The mother of an 11-year-old boy called school administrators to report her son may have taken kitchen knives to school, and that's what led police to find 400 rounds of ammunition and a gun in his possession, according to court documents released Thursday.
Vancouver police school resource officers detained the boy at Frontier Middle School on Wednesday at 9 a.m. after the mother's phone call. They said they found a .22 caliber handgun in his front pants pocket.
Detectives interviewed school administrators, and were told the boy said a voice in his head was telling him to kill a classmate for calling his friend gay, the court documents said.
In a later interview with police, the boy told detectives he planned to shoot his classmate in the arm, and then shoot himself in the head,
The boy's alleged shooting plot was stopped because his mother called the school to report him as a potential danger, detectives said. They also credited the swift action of school officials and school resource officers in detaining the child.
The boy made his first court appearance Thursday in Clark County. His parents attended the hearing, but did not speak with media.
A written statement from the family said they "noticed some items missing from our home. Immediately, we contacted the school to alert them of our concerns."
"We are at a loss for words and deeply saddened for the fear that these circumstances have caused," the statement said. "We are cooperating with law enforcement, school personnel and mental health officials to ensure our son gets the help he needs."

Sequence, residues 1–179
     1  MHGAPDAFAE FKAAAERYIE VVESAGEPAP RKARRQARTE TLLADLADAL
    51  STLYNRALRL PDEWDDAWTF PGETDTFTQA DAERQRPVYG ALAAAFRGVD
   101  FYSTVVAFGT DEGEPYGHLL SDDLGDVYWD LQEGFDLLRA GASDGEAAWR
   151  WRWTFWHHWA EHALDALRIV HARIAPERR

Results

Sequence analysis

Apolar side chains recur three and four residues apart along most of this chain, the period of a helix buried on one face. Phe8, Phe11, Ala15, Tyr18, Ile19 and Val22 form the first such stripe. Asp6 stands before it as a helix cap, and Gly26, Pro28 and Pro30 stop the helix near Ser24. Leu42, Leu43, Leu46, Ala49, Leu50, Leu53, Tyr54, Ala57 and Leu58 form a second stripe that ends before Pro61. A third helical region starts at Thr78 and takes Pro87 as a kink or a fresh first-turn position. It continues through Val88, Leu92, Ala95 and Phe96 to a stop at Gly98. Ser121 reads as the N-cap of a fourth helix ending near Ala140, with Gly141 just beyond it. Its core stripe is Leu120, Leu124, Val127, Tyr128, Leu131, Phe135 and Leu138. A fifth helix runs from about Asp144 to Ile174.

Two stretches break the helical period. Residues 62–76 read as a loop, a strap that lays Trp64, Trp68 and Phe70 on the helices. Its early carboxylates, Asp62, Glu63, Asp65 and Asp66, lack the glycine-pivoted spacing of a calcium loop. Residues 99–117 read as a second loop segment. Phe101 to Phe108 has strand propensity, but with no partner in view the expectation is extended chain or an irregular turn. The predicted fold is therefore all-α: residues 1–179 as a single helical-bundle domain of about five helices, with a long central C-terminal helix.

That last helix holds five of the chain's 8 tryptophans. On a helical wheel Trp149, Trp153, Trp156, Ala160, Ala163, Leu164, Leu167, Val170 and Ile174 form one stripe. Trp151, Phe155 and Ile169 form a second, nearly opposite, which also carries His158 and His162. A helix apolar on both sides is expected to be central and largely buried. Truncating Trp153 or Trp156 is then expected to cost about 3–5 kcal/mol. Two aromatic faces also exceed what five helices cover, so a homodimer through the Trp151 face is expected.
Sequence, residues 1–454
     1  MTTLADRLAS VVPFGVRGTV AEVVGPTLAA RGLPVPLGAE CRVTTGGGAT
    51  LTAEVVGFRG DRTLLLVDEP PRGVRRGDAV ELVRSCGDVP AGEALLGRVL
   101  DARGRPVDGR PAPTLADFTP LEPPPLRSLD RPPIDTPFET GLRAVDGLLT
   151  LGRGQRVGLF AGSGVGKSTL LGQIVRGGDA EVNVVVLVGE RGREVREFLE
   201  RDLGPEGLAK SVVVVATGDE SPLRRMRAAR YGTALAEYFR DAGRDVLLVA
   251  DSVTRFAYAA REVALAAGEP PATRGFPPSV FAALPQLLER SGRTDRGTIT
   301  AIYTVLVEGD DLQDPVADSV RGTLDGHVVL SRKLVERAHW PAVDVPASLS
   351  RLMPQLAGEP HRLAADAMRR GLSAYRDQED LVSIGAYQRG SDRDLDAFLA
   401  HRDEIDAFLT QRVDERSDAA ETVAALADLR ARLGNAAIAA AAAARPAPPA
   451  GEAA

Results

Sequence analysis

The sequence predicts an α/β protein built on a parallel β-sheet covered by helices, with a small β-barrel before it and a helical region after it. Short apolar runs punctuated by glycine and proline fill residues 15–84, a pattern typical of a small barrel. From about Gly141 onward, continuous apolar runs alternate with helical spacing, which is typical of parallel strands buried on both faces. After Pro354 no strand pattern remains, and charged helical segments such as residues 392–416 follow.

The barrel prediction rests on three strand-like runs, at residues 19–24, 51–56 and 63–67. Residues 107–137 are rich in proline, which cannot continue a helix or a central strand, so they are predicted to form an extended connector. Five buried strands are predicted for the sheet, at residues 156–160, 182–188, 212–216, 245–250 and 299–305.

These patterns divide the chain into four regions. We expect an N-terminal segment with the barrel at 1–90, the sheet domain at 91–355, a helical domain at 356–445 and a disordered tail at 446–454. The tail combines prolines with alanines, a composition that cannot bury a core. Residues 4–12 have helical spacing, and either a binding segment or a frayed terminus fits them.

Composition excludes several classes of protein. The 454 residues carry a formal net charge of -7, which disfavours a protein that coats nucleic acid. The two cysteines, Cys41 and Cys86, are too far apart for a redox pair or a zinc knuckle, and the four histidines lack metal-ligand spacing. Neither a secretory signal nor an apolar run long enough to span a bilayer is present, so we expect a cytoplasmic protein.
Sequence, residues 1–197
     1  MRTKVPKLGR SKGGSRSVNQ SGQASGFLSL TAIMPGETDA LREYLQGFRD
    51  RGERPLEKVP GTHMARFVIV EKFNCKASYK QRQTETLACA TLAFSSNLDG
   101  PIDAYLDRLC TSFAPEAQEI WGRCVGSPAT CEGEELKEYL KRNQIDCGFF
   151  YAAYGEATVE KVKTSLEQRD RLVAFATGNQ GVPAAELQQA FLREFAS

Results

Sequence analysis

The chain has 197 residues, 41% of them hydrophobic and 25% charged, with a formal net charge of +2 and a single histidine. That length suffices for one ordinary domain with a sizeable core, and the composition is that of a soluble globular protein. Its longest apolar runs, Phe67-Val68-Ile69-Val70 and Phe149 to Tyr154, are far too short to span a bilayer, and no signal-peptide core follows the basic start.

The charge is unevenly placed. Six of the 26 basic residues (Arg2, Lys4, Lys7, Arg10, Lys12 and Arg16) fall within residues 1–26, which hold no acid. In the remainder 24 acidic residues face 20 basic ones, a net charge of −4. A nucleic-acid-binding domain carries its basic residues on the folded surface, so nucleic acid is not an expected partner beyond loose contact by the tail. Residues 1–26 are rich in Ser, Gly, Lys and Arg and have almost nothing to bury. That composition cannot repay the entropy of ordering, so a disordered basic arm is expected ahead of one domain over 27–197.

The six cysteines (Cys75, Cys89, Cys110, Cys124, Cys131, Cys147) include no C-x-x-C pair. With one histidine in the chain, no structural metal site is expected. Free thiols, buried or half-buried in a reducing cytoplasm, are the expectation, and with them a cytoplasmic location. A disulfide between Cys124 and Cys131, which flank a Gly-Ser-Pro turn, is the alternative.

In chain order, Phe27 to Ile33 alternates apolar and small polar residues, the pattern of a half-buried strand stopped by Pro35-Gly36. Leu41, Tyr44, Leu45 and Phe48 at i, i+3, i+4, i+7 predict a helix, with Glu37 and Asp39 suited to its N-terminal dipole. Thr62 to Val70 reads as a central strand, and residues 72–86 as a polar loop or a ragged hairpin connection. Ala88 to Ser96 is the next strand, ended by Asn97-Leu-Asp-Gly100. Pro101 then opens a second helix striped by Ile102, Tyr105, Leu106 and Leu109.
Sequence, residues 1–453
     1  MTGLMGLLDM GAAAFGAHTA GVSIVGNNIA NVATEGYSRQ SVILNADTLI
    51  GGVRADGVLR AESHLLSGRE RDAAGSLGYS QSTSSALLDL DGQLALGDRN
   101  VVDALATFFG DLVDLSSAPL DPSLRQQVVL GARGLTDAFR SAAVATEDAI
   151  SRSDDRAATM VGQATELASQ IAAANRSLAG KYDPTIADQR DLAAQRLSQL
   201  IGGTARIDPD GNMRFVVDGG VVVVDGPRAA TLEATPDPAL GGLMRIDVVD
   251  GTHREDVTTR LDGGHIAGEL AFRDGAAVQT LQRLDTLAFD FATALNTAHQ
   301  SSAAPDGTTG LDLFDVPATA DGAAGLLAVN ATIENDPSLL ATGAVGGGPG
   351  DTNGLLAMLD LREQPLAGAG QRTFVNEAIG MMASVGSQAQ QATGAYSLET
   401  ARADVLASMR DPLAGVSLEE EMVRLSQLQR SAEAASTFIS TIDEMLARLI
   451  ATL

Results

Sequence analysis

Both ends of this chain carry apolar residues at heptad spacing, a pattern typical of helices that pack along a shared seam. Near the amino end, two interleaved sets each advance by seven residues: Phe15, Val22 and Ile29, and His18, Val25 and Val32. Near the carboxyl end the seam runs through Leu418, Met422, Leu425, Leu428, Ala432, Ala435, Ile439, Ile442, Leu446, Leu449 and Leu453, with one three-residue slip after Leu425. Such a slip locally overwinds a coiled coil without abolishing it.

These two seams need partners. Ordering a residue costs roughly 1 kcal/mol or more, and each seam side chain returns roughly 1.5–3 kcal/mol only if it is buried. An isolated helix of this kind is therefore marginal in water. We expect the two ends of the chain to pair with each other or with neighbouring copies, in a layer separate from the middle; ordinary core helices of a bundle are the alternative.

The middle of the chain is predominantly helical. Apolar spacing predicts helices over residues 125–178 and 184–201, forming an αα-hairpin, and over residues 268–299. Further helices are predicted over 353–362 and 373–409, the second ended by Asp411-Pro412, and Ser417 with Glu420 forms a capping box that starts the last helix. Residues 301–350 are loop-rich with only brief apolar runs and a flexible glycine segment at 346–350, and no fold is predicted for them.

Though he was initially arrested on a charge of attempted murder, the boy is now being held on charges of first-degree attempted assault, unlawful possession of a firearm and possession of a dangerous weapon on school facilities.
Wednesday's scare caused Frontier Middle School and the nearby Pioneer Elementary School to go into lockdown.
No one was hurt, and the schools were secured, school officials said. The Evergreen School District sent letters home with students notifying them about the event.
"We got a message on the intercom that said we were in lock down. We were under the table for about an hour and then we could move around," said Zaniah Matthews, a sixth-grader at Frontier Middle School.
Classes at the two schools went on as planned Thursday.
"It's scary, especially hearing about the recent school shootings and stuff. So it's scary to know your kids are in the school and we don't know any information," said Rashida Willard, a concerned parent.
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